May 2020: Financial services providers have stepped in and offered various relief measures to consumers buckling under financial pressure because of the national lockdown.
Support mechanisms ranging from premium holidays to payment breaks are being offered. But before accepting any relief offer, do make sure you understand the long-term implications of what’s on the table.
The financial services sector and government have made various concessions to cushion consumers from the financial impact of Covid-19, especially people who had their incomes cut by employers battling to stay afloat.
“Payment holidays are only one of many options that are available for consideration by consumers who may be impacted financially by the economic lockdown,” says John Manyike, Head of Financial Services as Old Mutual.
Options available to consumers include:
Various financial services institutions have offered qualifying customers payment holidays. As part of these agreements customers’ repayments on debt or insurance premiums are waivered for a period of up to 3 months. This relief measure will not affect your credit score, but only customers with a good credit history are likely to be considered. Important to note is that a payment holiday comes with a set of conditions – in the case of debt such as a home loan, vehicle finance or personal loan, interest repayments may be higher as the repayment term is naturally extended to make up for the interrupted payments.
Credit life insurance
If your income has been impacted as a result of retrenchments during this difficult time, it may help to check whether you took out credit life insurance when you signed up for credit. This form of insurance covers instalments for a period of between 6 and 12 months in the event that you are unable to honour your debt due to retrenchment. Credit life insurance also covers life events such as death and disability.
An employer or individual who contributes to the Unemployment Insurance Fund (UIF) is entitled to claim from the fund as set out in the Temporary Employer/Employee Relief Scheme. Qualifying employers who are unable to pay salaries due to Covid-19 can claim from the fund. Similarly, individuals who contribute towards UIF and have been retrenched or have had their income reduced can also claim from the fund. All applications are done online via the Department of Labour website or call 0800 030 007 for further assistance.
Various tax relief measures have been introduced to help employers retain and pay employees. These include the fast tracking of VAT refunds for small companies. By allowing the filing of VAT on a monthly basis, refunds can be processed more quickly and unlock cash flow. Individuals who contribute to the Solidarity Fund, which has been set up to support those most impacted by the pandemic, can claim a tax deduction up to 10% of taxable income. For more information, please contact SARS on 0800 00 7277.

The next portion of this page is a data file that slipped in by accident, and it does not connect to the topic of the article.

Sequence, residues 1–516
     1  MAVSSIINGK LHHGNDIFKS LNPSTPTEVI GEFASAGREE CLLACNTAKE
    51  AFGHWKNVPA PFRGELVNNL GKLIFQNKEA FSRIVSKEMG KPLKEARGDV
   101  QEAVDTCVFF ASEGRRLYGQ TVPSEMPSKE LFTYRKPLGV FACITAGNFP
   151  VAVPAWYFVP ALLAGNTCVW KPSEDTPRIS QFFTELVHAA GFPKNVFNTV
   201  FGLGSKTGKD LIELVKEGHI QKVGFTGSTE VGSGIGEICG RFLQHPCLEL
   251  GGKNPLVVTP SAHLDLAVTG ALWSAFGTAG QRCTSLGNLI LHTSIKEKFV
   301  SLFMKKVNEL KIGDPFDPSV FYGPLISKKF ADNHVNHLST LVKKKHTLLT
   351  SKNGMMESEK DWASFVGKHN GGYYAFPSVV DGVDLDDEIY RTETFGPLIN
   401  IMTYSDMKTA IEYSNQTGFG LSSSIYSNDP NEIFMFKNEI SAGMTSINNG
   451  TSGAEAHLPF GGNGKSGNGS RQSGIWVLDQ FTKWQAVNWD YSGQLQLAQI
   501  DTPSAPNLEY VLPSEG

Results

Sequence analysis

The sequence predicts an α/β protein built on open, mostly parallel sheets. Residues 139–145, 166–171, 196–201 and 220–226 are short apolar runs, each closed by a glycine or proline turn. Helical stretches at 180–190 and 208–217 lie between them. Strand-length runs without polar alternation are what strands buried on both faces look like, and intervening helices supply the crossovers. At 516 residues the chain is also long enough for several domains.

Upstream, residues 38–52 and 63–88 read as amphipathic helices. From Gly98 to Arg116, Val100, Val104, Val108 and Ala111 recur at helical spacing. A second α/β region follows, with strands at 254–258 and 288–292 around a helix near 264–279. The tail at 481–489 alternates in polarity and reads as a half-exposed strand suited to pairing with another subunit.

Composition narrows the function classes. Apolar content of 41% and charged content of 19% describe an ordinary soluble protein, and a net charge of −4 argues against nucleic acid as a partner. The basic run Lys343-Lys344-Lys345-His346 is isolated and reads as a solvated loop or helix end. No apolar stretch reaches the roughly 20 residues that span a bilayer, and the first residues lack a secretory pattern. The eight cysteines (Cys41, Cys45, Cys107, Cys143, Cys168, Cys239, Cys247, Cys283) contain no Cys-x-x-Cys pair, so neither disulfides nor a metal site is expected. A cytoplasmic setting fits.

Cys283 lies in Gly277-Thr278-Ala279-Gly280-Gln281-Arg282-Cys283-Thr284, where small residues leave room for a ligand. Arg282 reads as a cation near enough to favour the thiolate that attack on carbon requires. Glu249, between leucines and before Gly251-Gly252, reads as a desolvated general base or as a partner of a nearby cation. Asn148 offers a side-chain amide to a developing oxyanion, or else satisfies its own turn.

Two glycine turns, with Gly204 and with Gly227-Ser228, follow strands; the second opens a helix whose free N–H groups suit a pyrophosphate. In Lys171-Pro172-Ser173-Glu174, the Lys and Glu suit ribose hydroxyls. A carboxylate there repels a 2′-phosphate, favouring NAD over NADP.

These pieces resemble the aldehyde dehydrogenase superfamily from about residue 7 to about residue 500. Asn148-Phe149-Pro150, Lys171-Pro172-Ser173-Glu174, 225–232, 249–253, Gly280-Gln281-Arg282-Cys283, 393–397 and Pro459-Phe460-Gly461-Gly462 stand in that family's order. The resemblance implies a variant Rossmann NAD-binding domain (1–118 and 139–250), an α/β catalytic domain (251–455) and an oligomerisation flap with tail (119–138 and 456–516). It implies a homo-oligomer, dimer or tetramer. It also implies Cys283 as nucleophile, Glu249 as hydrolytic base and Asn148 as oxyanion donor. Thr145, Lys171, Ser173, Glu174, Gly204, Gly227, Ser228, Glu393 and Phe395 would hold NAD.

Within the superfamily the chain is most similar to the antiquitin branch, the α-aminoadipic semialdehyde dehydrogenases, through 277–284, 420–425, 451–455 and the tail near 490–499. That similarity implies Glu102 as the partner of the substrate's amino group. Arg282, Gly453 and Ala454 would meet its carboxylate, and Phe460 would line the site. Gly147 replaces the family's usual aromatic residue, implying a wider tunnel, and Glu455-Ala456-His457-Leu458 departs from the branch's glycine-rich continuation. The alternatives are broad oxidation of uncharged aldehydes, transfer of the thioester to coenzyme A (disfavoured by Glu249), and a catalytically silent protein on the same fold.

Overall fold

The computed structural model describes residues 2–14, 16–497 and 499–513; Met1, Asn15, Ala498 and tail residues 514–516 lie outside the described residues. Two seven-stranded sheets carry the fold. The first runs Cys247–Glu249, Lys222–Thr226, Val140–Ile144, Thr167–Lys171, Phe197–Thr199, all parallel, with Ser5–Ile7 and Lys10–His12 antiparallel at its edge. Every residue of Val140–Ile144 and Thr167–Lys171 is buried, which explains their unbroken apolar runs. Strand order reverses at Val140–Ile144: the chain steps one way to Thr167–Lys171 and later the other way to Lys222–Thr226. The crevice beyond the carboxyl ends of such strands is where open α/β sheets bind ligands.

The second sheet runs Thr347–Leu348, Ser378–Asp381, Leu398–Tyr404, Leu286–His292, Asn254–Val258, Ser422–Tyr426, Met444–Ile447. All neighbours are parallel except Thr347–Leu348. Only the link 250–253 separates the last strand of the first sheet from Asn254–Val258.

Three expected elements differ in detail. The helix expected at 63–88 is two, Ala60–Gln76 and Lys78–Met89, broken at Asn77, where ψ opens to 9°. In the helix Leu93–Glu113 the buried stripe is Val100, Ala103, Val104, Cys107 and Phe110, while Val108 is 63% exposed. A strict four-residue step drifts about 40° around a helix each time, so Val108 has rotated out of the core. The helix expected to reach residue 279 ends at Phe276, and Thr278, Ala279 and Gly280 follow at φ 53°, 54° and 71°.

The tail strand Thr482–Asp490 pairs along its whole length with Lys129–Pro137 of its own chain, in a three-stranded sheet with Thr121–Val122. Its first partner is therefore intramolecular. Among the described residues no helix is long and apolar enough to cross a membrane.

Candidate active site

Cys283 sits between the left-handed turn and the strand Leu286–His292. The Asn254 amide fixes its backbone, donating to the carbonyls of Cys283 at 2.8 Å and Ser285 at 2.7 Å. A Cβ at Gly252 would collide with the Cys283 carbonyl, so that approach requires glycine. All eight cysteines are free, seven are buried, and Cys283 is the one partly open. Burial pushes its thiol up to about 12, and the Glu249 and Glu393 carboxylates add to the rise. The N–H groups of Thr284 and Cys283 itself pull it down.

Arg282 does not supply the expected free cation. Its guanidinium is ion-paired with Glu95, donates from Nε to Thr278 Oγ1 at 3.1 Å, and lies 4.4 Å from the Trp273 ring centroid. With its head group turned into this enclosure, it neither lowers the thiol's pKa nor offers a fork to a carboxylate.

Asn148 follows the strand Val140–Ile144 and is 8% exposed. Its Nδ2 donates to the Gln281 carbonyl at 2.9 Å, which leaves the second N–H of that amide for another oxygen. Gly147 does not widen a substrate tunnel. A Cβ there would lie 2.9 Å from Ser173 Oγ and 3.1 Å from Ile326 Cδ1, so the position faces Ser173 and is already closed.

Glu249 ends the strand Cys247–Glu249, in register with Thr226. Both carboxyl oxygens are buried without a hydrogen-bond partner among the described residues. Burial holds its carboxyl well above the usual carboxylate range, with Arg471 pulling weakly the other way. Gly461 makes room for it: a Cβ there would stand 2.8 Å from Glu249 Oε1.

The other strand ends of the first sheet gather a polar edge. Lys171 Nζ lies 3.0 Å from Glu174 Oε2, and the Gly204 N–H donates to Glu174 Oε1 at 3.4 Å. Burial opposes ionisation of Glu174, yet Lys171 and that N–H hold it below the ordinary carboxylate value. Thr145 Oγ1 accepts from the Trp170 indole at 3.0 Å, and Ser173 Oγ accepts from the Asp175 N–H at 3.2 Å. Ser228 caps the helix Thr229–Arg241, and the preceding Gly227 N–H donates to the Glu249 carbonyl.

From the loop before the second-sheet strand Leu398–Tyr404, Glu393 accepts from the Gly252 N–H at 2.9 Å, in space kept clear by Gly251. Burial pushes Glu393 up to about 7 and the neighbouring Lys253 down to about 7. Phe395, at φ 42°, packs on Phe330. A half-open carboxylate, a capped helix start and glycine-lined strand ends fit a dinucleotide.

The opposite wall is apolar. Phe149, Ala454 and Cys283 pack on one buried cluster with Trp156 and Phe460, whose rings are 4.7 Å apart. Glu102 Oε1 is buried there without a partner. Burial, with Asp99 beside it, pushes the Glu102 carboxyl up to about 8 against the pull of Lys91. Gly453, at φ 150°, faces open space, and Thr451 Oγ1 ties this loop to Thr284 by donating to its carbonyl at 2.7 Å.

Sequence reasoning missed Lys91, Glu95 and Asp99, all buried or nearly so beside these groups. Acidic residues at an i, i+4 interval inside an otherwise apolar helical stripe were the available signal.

Short term Insurance (Car and Household)
Premium deferment or delayed payment options are being offered by most insurers to consumers impacted by reduced income as a result of COVID-19.
The best way to reduce premiums in lockdown – without abandoning cover altogether – is to reassess risk exposures and adjust cover accordingly.
- Reducing cover temporarily. A massive premium saving can be realised, for example, by simply changing the cover on a vehicle not being used during lockdown from comprehensive to third party fire and theft.
- Increasing excesses in line with reduced risk. Preliminary numbers indicate that claims are decreasing in lockdown. If you live in a security complex, lockdown presents a great opportunity to increase the excess – “Even a relatively small increase in excesses on any of these policies dramatically reduces premiums since chances of vehicle damage, theft or robbery in lockdown have reduced,
- Premium discounts and waivers for designated essential service workers. If you are a doctor, nurse or other designated category of essential service provider, find out about – and make use of – any COVID-19-related premium discounts and excess waivers that insurers are offering. Contact your service provider for assistance in this regard.
The SA government has also launched a R500 billion stimulus package intended to limit the impact of Covid-19 on the economy. The funds will offer relief to businesses, social grant recipients and the health sector. The extension of temporary social grants to the unemployed should help alleviate the impact on those on the breadline. Contact the South African Social Security Agency (SASSA) on 0800 002 9999.
“The impact of the coronavirus has demonstrated the importance of having a budget. During these tough times, reviewing your budget can help you reprioritise your finances and identify what you can cut back on.”
Manyike adds that it’s equally important for people to be aware of scammers who are luring people to take out loans at suspiciously low interest rates. “Remember it’s always safer to work through an accredited financial services provider,” he advises.